Uncategorized
comment 1

When the words run dry: Inspiration hunting

I am having a quiet week, the kind that can be distinctly alarming for those wedded to words. While I look for my own words, here are the words of others that have inspired me, moved me, caused me to think, and given me hope:

1. The future of humanitarianism in Afghanistan: Free online recording of the seminar in which I participated this week and whose panelists included field representatives of Oxfam and Doctors Without Borders, international humanitarian lawyers, and a Lieutenant Colonel. The issues discussed range from competition among NGOs for resources, guaranteeing the security of aid workers, navigating the question of the militarization of aid, and securing independent funding for NGOs. Attending the seminar rekindled my desire to work in Afghanistan (no, not until I have fully recovered from the accident, worry not.)

2. On writing, the personal essay, and ‘artful artlessness’: Carl Klaus interview in The Millions. Among other subjects, he discusses the illusions of the personal essay, developing a writing practice, and where blogging fits into the modern writing world. Also in The Millions, I loved this essay on the joys and dangers of readership. Made me think of my own reflections on the “terror of the invisible reader” last December.

3. The slow photography movement: The idea that this is a ‘movement’ or that it is ‘new’ was a bit foreign to me, but the basic premise of the article had me nodding along: Stop, look, really look, and then click. A prescription for photo-taking and for finding and capturing beauty.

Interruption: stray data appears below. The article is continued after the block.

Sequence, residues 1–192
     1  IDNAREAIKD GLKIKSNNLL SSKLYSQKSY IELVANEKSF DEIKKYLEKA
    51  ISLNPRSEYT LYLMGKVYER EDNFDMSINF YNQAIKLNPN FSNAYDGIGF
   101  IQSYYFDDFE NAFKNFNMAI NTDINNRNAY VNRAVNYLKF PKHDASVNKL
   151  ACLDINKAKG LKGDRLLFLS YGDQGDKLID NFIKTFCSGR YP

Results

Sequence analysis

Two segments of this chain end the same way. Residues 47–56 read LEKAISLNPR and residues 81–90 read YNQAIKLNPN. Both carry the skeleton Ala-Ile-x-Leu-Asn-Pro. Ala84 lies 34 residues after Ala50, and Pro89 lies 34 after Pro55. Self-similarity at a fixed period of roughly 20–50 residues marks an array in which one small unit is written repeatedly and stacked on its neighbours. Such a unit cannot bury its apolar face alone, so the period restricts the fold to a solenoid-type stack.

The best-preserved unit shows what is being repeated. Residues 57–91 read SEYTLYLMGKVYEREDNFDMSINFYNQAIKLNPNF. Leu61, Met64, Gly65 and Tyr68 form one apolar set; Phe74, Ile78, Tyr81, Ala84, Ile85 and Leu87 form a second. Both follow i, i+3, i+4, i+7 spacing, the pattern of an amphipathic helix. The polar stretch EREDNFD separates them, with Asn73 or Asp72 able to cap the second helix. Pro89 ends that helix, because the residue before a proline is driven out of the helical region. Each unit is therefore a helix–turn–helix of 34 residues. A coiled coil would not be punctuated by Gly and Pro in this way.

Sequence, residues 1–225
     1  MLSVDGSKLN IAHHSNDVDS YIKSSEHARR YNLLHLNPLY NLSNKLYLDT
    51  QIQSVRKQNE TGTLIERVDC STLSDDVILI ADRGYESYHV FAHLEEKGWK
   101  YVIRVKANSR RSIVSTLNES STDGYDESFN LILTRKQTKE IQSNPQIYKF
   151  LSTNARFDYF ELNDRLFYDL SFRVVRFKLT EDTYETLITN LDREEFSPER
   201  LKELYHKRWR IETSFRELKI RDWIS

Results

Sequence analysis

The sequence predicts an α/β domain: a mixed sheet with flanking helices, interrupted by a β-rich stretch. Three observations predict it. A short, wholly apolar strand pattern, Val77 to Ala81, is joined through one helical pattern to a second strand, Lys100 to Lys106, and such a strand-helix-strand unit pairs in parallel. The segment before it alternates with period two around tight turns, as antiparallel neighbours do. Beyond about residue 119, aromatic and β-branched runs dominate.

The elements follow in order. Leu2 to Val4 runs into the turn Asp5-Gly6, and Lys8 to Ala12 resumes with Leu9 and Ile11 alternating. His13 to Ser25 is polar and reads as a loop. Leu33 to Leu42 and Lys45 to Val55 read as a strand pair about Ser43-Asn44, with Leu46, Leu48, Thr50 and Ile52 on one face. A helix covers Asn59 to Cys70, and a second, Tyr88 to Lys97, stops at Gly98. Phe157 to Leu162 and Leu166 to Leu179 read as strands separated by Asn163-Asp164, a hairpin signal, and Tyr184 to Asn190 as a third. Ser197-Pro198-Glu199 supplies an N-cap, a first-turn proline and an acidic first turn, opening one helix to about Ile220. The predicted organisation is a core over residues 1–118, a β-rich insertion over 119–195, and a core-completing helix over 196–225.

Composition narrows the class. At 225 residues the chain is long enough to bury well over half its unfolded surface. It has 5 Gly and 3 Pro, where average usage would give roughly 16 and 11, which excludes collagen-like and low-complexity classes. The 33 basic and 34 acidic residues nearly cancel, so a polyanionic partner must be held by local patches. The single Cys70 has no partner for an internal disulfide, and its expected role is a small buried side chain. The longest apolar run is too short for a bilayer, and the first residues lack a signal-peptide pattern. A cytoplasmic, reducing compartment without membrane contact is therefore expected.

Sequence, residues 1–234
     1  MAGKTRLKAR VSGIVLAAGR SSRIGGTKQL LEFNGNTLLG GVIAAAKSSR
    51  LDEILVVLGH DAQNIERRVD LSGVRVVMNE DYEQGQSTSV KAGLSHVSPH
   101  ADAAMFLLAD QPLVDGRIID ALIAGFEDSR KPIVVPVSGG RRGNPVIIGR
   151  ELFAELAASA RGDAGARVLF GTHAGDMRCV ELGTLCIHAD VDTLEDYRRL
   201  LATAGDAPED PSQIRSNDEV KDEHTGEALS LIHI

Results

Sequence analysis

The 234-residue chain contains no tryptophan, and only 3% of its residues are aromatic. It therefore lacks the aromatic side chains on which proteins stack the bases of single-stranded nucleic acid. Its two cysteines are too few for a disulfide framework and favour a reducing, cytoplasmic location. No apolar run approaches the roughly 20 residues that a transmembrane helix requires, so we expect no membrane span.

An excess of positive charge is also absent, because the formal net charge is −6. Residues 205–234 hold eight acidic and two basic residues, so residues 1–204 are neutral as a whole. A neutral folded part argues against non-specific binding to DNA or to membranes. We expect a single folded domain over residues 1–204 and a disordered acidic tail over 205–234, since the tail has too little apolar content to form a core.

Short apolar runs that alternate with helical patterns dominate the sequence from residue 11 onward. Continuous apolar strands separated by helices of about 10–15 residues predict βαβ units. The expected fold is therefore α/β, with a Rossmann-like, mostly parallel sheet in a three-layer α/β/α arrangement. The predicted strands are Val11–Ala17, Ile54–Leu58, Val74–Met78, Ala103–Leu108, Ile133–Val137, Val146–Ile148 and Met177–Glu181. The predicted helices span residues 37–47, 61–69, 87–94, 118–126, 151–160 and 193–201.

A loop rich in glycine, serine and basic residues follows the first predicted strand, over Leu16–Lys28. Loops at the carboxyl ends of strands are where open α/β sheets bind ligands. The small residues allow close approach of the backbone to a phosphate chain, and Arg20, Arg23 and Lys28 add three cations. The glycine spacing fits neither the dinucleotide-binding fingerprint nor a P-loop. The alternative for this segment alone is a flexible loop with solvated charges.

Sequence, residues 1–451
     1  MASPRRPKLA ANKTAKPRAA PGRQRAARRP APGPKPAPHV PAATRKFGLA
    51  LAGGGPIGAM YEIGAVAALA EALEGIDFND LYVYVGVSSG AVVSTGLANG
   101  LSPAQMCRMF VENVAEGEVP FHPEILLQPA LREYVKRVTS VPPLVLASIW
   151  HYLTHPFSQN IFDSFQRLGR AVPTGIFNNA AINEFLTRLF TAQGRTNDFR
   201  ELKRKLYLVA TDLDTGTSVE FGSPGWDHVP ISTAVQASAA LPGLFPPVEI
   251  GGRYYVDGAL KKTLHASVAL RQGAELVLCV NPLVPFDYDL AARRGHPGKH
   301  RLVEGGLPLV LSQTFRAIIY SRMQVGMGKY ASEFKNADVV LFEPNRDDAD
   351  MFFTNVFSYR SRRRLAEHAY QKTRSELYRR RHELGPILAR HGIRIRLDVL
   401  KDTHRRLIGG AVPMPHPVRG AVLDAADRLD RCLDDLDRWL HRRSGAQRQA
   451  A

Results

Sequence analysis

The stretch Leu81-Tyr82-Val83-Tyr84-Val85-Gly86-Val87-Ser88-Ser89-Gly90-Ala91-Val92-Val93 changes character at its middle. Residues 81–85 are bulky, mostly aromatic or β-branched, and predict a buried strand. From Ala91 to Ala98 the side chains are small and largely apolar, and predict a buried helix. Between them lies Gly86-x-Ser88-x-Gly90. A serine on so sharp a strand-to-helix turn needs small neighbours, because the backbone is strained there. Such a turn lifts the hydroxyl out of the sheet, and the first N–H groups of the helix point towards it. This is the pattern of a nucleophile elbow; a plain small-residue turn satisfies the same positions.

4. “Kids these days”: It is no secret that I love Sloane Crosley, her How did you get this number, and her ability to artfully weave insight into humor. In this brief essay of hers in The Independent, she won me over with these words:

 “When we grow up, we put a premium on a wide-eyed wonderment of the world. We value a lack of the jaded and the bitter in each other, and do everything in our power to stave off these qualities in ourselves.”

5. Zainab Salbi on “Women and Power”: It is also no secret that Zainab Salbi’s work and life story compel me to get out of bed in the morning. In this talk, she discusses her work with Women for Women International, her experience as an Iraqi refugee in the United States, her coping with PTSD and her interactions with women in war zones nowadays. 

1 Comment

  1. It took me until today to be able to read all of these articles, but I’m glad I did–it was the perfect day for them.

    But I’ll be glad when your own words come back to you.

Leave a Reply

Your email address will not be published. Required fields are marked *